Poor Jack was afterwards shot in a duel by Lord Canterville on Wandsworth Common, and Lady Barbara died of a broken heart at Tunbridge Wells before the year was out, so, in every way, it had been a great success. It was, however an extremely difficult "make-up," if I may use such a theatrical expression in connection with one of the greatest mysteries of the supernatural, or, to employ a more scientific term, the higher-natural world, and it took him fully three hours to make his preparations.
At last everything was ready, and he was very pleased with his appearance. The big leather riding-boots that went with the dress were just a little too large for him, and he could only find one of the two horse-pistols, but, on the whole, he was quite satisfied, and at a quarter-past one he glided out of the wainscoting and crept down the corridor. On reaching the room occupied by the twins, which I should mention was called the Blue Bed Chamber, on account of the colour of its hangings, he found the door just ajar.
Wishing to make an effective entrance, he flung it wide open, when a heavy jug of water fell right down on him, wetting him to the skin, and just missing his left shoulder by a couple of inches.
At the same moment he heard stifled shrieks of laughter proceeding from the four-post bed. The shock to his nervous system was so great that he fled back to his room as hard as he could go, and the next day he was laid up with a severe cold.
The only thing that at all consoled him in the whole affair was the fact that he had not brought his head with him, for, had he done so, the consequences might have been very serious. The final blow he received occurred on the 19th of September. He had gone down-stairs to the great entrance-hall, feeling sure that there, at any rate, he would be quite unmolested, and was amusing himself by making satirical remarks on the large Saroni photographs of the United States Minister and his wife which had now taken the place of the Canterville family pictures.
He was simply but neatly clad in a long shroud, spotted with churchyard mould, had tied up his jaw with a strip of yellow linen, and carried a small lantern and a sexton's spade. In fact, he was dressed for the character of "Jonas the Graveless, or the Corpse-Snatcher of Chertsey Barn," one of his most remarkable impersonations, and one which the Cantervilles had every reason to remember, as it was the real origin of their quarrel with their neighbour, Lord Rufford.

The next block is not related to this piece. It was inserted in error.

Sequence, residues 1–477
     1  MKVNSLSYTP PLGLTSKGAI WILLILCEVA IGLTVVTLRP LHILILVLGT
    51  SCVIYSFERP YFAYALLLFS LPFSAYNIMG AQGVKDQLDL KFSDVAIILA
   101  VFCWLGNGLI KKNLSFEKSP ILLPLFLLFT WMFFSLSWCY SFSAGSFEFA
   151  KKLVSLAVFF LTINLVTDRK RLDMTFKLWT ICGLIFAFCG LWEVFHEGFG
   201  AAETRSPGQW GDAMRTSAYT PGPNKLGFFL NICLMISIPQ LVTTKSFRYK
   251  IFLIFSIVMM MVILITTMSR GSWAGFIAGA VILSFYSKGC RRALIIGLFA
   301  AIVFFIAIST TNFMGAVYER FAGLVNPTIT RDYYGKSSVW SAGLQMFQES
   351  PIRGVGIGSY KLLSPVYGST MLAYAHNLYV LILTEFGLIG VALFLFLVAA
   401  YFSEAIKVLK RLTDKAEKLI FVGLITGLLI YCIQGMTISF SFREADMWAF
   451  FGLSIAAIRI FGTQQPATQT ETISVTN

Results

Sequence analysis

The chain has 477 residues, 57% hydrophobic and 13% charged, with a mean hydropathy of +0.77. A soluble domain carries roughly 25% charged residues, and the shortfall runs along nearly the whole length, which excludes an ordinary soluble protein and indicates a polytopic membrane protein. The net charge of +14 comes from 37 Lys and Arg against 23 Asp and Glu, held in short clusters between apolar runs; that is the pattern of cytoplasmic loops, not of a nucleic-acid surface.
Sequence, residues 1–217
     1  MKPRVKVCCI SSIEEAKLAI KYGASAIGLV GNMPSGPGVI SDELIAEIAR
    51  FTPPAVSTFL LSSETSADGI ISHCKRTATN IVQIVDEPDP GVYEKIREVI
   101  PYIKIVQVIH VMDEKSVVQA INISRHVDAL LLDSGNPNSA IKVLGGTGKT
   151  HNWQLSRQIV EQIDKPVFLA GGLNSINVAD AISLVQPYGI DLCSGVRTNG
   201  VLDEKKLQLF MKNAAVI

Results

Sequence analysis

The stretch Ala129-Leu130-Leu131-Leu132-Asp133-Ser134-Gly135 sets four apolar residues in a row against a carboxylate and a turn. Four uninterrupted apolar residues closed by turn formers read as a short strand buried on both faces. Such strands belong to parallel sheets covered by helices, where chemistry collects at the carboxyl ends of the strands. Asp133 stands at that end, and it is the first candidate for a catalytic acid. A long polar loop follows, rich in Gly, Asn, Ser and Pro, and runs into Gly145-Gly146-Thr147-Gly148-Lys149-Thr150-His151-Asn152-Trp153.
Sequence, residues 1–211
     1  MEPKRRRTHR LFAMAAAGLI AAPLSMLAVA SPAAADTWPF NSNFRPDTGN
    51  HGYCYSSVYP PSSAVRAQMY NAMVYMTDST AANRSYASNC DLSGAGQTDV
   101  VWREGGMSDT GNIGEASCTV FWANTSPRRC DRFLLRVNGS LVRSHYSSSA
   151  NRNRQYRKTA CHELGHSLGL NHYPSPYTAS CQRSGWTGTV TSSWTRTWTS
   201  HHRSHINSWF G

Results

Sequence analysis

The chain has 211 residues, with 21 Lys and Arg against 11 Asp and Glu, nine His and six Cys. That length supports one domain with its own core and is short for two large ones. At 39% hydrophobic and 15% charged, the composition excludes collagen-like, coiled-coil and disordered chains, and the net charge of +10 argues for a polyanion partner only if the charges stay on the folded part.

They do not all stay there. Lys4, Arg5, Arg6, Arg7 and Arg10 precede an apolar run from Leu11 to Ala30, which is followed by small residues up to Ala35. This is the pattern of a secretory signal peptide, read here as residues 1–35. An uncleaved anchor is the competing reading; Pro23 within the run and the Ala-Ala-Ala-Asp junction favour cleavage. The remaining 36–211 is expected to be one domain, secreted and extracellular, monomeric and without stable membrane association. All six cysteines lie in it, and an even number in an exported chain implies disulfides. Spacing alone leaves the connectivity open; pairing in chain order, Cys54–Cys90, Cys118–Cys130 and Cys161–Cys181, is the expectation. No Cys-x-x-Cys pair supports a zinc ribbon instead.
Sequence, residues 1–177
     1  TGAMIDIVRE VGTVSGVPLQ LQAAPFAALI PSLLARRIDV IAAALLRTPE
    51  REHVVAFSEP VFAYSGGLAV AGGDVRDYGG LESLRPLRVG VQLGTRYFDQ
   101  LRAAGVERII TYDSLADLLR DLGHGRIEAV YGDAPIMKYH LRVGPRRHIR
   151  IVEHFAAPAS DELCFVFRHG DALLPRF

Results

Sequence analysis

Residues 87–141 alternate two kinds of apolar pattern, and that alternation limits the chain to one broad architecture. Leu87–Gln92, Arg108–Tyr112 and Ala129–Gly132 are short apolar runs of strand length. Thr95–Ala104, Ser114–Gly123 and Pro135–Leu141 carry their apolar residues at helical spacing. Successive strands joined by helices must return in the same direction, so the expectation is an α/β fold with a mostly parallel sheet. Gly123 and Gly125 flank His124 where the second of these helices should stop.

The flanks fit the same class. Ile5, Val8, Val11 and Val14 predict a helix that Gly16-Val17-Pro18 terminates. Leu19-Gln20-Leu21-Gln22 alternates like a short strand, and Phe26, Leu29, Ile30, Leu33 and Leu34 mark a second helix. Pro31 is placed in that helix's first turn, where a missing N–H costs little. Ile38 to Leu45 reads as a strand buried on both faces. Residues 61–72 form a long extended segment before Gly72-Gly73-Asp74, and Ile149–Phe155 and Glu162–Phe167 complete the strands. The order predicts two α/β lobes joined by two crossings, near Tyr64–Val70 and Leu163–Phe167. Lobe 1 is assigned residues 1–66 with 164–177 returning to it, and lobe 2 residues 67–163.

It was about a quarter-past two o'clock in the morning, and, as far as he could ascertain, no one was stirring. As he was strolling towards the library, however, to see if there were any traces left of the blood-stain, suddenly there leaped out on him from a dark corner two figures, who waved their arms wildly above their heads, and shrieked out "BOO! After this he was not seen again on any nocturnal expedition. The twins lay in wait for him on several occasions, and strewed the passages with nutshells every night to the great annoyance of their parents and the servants, but it was of no avail.
It was quite evident that his feelings were so wounded that he would not appear. Otis consequently resumed his great work on the history of the Democratic Party, on which he had been engaged for some years; Mrs. Otis organized a wonderful clam-bake, which amazed the whole county; the boys took to lacrosse euchre, poker, and other American national games, and Virginia rode about the lanes on her pony, accompanied by the young Duke of Cheshire, who had come to spend the last week of his holidays at Canterville Chase.
It was generally assumed that the ghost had gone away, and, in fact, Mr. Otis wrote a letter to that effect to Lord Canterville, who, in reply, expressed his great pleasure at the news, and sent his best congratulations to the Minister's worthy wife. The Otises, however, were deceived, for the ghost was still in the house, and though now almost an invalid, was by no means ready to let matters rest, particularly as he heard that among the guests was the young Duke of Cheshire, whose grand-uncle, Lord Francis Stilton, had once bet a hundred guineas with Colonel Carbury that he would play dice with the Canterville ghost, and was found the next morning lying on the floor of the card-room in such a helpless paralytic state that, though he lived on to a great age, he was never able to say anything again but "Double Sixes.